The Harshest Critic of the Stay at Home Mum: Herself (a guest post)

Today I have Kate from One Small Life guest posting on the blog. Kate talks about the complicated criticisms stay at home mums level at themselves, the presumptions made about other people’s thoughts and the reality of it all. I found myself relating to so much of this beautiful post and I thank Kate for sharing so honestly.

the harshest critic of the stay at home mother

It was that time of year.  Time to get to know the parents of the kids my kid shares a classroom with.

We sat in the sun sipping chai and chatting pleasantly when one of us began asking around the table what we did.  There was a lawyer, a physio, an accountant, the director of a promising start-up – the rest I’m unsure of.  At first I was listening with interest.  What an interesting group of women.  Then my head got fuzzy.  Because I realized soon I would have to say something.  And what would I say?

I’m a stay at home Mum.

I don’t work.

I’m not in paid employment.

I’m a full time Mother.  Can’t say that – because of course, we are all full time mothers.  None of these women stops being a Mum when they clock on at work.

None of these sat right with me.  But all of them are true.

I was the only one at that table who wasn’t working.  And that is becoming more and more common now that my eldest has reached school age.  Back in the day, when the kids were really little many of us were taking a hiatus from work.  But as the kids get older so many of those around me have headed back to the workforce.

The responses to my status were interesting.  And I know none of the women delivering them did so with any judgment.  But of course, my antennae were up and I was sensitive to how they reacted.  Here’s what they said:

“What does your partner do?”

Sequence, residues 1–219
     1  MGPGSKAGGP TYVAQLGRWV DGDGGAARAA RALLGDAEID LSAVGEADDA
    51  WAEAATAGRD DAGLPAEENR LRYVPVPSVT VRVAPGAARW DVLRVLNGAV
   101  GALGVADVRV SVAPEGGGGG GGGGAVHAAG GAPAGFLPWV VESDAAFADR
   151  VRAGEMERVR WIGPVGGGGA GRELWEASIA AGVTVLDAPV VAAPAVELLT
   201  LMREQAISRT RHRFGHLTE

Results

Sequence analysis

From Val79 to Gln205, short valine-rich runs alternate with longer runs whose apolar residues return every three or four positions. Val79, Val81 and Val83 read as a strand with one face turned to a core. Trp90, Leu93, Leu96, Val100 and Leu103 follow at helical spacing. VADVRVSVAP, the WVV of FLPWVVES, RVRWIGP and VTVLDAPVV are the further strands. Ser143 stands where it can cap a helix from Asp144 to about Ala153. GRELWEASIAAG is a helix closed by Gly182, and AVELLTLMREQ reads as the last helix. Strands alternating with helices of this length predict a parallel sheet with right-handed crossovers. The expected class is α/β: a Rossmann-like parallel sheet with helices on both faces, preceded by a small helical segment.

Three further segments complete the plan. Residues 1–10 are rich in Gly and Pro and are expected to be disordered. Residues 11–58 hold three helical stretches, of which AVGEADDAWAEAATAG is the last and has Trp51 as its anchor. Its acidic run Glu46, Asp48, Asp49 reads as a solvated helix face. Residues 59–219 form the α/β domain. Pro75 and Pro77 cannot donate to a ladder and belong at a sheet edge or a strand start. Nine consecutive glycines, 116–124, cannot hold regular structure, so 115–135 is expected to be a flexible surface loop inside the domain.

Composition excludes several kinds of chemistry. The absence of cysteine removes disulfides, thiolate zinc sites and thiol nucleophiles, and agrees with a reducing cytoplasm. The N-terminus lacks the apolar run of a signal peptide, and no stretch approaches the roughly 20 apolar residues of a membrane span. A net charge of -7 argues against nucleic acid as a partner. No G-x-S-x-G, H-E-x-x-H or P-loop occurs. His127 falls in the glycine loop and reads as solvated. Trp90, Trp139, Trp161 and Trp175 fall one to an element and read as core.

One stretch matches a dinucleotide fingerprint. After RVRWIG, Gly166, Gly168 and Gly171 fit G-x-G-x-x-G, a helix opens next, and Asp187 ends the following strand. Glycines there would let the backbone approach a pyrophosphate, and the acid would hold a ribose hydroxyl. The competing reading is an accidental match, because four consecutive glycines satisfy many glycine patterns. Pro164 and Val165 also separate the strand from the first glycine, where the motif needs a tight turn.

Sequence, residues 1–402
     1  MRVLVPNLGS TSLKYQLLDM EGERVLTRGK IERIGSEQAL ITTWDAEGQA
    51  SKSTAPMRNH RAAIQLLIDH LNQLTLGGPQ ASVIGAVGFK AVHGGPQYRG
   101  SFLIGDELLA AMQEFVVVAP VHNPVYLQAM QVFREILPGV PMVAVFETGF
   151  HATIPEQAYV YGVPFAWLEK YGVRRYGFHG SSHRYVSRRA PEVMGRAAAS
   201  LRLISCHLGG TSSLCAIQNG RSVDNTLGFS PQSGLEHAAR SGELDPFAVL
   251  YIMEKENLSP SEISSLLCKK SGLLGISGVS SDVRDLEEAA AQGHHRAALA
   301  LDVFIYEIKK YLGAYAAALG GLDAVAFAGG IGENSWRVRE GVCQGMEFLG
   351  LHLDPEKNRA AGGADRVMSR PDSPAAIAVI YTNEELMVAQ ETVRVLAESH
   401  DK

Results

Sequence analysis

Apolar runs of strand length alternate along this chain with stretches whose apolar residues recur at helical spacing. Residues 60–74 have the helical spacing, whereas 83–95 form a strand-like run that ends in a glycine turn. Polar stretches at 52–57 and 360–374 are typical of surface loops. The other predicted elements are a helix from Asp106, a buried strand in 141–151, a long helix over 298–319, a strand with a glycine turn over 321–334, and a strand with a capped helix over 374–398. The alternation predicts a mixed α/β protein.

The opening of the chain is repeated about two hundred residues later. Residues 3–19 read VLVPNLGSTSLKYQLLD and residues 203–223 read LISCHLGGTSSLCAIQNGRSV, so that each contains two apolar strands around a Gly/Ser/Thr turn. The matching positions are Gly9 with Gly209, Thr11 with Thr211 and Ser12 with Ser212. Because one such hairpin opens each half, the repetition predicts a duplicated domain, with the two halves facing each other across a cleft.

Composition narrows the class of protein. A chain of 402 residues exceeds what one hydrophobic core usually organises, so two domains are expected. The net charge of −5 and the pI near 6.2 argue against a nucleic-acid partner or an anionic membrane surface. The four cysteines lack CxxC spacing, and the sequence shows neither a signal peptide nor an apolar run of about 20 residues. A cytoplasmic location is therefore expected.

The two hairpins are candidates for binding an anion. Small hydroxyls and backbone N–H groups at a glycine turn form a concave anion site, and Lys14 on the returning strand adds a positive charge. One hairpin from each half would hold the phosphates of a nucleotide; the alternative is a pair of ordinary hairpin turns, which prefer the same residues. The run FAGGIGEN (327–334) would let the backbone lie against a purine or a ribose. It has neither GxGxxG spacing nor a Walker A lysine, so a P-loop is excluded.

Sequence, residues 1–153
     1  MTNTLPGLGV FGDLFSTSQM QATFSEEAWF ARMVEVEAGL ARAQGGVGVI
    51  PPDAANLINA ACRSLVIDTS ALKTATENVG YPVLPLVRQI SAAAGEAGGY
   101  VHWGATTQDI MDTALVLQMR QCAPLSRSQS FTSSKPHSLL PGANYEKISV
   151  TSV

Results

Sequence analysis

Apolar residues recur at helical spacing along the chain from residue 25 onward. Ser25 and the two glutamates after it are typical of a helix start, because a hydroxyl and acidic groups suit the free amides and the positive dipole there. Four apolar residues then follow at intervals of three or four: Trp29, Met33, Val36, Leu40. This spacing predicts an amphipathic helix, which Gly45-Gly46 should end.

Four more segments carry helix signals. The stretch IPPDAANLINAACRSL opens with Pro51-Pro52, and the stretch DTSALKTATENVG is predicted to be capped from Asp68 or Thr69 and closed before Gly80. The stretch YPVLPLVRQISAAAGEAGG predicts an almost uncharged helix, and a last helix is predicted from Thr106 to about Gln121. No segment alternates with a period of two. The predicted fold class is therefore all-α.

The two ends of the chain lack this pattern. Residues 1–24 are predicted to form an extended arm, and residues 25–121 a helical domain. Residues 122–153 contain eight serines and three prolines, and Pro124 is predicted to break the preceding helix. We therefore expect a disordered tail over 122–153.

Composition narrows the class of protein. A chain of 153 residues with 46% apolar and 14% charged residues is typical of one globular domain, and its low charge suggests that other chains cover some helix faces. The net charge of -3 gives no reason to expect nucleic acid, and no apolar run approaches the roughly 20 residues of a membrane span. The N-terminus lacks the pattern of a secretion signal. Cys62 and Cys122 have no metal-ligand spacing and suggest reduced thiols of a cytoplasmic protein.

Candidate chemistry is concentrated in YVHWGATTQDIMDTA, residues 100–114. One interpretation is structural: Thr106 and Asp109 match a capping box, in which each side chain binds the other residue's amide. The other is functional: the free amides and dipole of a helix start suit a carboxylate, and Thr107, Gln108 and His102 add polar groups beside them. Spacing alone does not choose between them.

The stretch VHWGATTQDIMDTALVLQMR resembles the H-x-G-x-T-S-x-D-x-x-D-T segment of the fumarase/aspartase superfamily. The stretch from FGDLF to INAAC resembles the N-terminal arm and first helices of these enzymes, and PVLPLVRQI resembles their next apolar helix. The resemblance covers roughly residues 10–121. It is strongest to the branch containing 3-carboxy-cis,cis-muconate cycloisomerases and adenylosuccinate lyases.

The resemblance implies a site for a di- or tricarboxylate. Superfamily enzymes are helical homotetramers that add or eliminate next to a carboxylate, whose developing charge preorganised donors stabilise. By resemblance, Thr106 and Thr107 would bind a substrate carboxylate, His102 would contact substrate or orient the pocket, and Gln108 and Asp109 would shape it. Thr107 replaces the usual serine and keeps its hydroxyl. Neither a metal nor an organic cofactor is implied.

“Oh lucky!”

“Are you thinking about going back to work?”

Like I said, all of the women at that table were simply making conversation with a group of strangers.  I don’t believe any of them was trying to make any hidden implications or assumptions with their responses.

But here’s how it felt to me:

“Your partner must make good money.”

“It must be so great/easy/fun not having to work!”

“You should be thinking about going back to work.”

I can’t reiterate this enough.  It’s not that I think these women were actually implying these things.  It’s just that my own sensitivities made me hear these implications.

Partly I guess because I feel like I should be going back to work.  My eldest is in Grade One, next year my youngest starts Prep.  People are asking me a lot at the moment if I’m thinking about going back to work.  And I am.  Thinking about it.

But it’s not that easy.  Where do I go?  What do I do?  I was a freelancer when I got pregnant.  That meant I had no maternity leave, no employer to go back to.  In some ways this was a good thing.  I was certainly relieved when my kids were tiny that I didn’t have a boss expecting my return to work – especially with my first.

I had no idea what I was doing.  Breastfeeding was intense and sleeping was a nightmare.  In hindsight I also think I had a bit of PND, which I just battled through, not really knowing or understanding the symptoms enough to seek treatment.

Which is why when people told me stories at that time of women going back to work when their babies were six weeks or even six months old I was dumbfounded.

“I don’t know how they do that!”

I realise that phrase might seem judgemental.  It’s not – not remotely.  It doesn’t mean ‘I don’t know how they can do that?  How can they leave their babies?’  It means, quite literally ‘I don’t understand how they make that happen.’

I was so swamped, so overwhelmed, it was incomprehensible to me that I could have added a return to work to the mix.